DOI: 10.4244/EIJ-D-23-00455

Reviewing scientific manuscripts in 2023: is it (still) worth the time?

Nicolas Amabile1, MD, PhD; Giulio Stefanini2,3, MD, PhD

Twice and thrice over, as they say, good is it to repeat and review what is good.”

− Plato

In 2023, peer reviewing is still the cornerstone of the process of evaluating and publishing manuscripts in scientific journals, yet it may be criticised1. As such, it plays a vital role in the construction of our community’s medical knowledge. The principle has remained unchanged for years: a peer, recognised for his or her knowledge of a given subject, accepts, on a voluntary basis and on his or her own time, to anonymously evaluate a scientific work by assessing its methodological quality, the relevance of the results and their integration into the global literature, without any financial or material compensation and without any direct benefit. The indications given by the reviewer are then used by an editor to decide whether to accept, revise or refuse publication of the manuscript.

The review phase is a time-consuming process, requiring a precise methodology that was clearly detailed by R. Byrne in a previous issue of EuroIntervention2. Clear guidance by editors about the tasks and the scope of the review process is key to efficiency13. Ultimately, the review should help to answer the 3 fundamental baseline questions: Are these data new? Are they true? Are they important?

There is no denying that manuscript reviewing is a demanding activity for the person carrying it out. In the medical field, professionals are involved in many other daily tasks, starting with patient care (which is our fundamental mission), but also administrative tasks, research projects, and so on. At the same time, the proliferation of manuscript submissions around the world, coupled with the increase in the number of new journals, means that review requests are exponentially increasing. As a result, professionals involved in peer reviewing can sometimes question the meaning of this activity, and the value of devoting time to it that might be better spent elsewhere. Solutions based on artificial intelligence technologies are slowly being found and could, in the future, facilitate the whole review process, particularly in terms of adequate reviewer identification, plagiarism detection and adjudication of the opinions of the reviewers4. However, fully automated reviews (which would have the theoretical advantage of limiting conflicts of interest and biases inherent in potential competition between authors and reviewers within a specific research theme) have not yet emerged, and human involvement remains indispensable.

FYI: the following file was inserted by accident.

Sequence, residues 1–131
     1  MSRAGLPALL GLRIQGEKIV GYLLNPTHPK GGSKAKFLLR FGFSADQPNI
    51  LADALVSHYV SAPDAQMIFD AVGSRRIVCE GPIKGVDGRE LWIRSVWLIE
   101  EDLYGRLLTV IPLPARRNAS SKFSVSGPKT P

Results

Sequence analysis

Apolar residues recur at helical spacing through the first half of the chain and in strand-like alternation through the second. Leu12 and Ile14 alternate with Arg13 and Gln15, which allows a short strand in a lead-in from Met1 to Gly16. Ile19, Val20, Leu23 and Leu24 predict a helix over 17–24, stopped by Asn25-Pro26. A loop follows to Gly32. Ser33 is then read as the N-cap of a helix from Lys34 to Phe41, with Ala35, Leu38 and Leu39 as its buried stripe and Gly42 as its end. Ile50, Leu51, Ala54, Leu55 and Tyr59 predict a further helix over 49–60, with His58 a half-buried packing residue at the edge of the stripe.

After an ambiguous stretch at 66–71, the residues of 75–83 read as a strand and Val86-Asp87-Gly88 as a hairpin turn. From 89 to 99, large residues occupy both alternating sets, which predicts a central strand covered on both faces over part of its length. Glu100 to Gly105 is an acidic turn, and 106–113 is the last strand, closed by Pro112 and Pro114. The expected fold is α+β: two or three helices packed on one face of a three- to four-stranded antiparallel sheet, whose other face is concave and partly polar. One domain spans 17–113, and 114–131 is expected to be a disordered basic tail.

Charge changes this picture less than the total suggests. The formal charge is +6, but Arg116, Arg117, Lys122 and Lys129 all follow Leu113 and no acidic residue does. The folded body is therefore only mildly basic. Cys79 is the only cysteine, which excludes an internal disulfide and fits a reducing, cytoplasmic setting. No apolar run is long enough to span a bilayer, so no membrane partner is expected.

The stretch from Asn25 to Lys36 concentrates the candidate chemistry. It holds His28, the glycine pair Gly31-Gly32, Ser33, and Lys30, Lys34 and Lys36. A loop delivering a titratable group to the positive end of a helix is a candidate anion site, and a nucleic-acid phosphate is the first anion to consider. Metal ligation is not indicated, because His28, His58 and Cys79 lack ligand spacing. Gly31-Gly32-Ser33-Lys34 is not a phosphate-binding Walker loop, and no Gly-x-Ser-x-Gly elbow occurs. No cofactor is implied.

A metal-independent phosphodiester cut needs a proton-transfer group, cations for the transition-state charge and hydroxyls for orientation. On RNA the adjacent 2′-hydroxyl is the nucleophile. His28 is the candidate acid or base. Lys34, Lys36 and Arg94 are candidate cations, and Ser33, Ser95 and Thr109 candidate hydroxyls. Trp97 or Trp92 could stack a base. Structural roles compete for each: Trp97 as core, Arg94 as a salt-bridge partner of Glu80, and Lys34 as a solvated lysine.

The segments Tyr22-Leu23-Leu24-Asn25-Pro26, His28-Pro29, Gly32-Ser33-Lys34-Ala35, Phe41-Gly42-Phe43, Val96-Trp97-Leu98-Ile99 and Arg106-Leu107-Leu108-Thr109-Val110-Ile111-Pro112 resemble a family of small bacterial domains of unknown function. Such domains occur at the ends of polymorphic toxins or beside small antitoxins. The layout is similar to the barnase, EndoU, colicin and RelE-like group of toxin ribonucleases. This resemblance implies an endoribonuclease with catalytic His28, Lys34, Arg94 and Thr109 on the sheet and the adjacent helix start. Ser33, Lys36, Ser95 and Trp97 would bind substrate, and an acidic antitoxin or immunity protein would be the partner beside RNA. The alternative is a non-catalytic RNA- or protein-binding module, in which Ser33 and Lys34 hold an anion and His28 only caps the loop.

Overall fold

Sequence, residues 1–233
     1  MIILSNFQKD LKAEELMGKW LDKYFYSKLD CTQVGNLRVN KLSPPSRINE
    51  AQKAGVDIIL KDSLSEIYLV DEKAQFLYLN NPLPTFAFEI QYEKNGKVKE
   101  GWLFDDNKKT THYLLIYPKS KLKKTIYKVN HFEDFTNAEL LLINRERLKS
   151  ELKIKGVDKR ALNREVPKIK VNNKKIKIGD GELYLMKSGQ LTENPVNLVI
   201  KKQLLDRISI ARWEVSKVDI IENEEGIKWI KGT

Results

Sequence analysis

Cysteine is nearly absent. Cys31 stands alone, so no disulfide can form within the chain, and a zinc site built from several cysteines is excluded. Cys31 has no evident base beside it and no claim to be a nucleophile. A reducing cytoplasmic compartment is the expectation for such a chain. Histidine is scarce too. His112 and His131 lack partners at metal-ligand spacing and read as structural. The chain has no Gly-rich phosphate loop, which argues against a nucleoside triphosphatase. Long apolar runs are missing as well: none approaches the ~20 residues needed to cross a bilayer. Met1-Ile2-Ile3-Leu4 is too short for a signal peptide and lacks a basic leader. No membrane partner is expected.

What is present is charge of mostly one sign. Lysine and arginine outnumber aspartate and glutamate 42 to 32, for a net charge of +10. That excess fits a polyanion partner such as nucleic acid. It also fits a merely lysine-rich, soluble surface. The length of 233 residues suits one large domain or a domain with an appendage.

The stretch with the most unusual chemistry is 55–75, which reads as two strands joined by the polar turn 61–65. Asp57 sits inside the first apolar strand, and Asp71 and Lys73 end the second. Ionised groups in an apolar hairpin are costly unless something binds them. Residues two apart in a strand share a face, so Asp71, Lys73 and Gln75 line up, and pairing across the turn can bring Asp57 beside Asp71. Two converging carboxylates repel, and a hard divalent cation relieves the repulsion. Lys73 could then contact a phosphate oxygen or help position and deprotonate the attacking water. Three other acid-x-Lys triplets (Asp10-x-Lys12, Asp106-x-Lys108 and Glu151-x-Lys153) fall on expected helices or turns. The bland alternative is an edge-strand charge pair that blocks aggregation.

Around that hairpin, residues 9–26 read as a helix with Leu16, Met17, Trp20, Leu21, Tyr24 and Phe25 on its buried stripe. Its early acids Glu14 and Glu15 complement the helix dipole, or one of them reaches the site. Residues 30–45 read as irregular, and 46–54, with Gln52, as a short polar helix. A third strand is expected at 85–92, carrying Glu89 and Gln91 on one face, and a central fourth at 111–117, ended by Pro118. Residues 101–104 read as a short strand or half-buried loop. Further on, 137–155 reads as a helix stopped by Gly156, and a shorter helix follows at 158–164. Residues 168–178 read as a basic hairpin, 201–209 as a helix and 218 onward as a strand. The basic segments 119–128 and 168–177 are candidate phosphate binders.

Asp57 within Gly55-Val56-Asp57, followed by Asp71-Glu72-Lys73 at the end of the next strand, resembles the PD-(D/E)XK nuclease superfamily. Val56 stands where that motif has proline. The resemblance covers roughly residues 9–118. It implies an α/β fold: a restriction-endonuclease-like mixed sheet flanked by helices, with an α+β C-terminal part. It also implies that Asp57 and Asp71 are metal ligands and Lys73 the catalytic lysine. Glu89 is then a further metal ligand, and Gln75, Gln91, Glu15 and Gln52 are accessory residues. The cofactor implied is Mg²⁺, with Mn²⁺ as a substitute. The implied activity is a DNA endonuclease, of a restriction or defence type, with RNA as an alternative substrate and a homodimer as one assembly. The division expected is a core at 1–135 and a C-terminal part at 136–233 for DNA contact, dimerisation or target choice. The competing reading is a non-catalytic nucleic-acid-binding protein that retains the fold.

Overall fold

When you agree to review a manuscript for EuroIntervention, you need to remember why it remains a pivotal act. First and foremost, it is an act that could almost be described as militant. Meticulous reviewing helps to maintain the excellence of a journal by enabling the publication of quality articles, which makes it possible to present new data to as many people as possible. This represents an altruistic contribution to the community that should not be, in our opinion, financially rewarded. This point is becoming increasingly important with the proliferation of “predatory” journals, which sometimes charge high prices for risky publications that have been subjected to an inadequate evaluation process.

Reviewing can also be seen as a process of indirect assistance to authors, often enabling them to improve the quality of their data and strengthen their manuscript through the successive revision rounds. Accepting the principle of peer reviewing is also the assurance of reciprocity, when roles are exchanged and the reviewer becomes the author.

On a personal level, reviewing a manuscript is always an enriching experience, enabling the reviewer to deepen their knowledge of a given subject or to discover new approaches and solutions to a given problem. It also allows one to keep abreast of the latest advances in a given research topic. The review process can also be educational, as it can be a way of teaching younger members of a team how to critically evaluate scientific work, when the process is shared between a junior and a senior member.

In conclusion, in 2023, peer reviewing remains a noble and essential task, since, without it, the quality of science could be seriously endangered. Reviewers should take this responsibility seriously and, in the interests of time and quality of work, be selective in their acceptance of reviewer commitments to those topics and journals considered of interest. When accepting a review, one should always keep in mind that reviewing cutting-edge manuscripts provides the opportunity to improve both as a physician and as a scientist.

Conflict of interest statement

N. Amabile and G. Stefanini have no conflicts of interest to declare in relation to this manuscript.

Volume 19 Number 8
Oct 23, 2023
Volume 19 Number 8
View full issue

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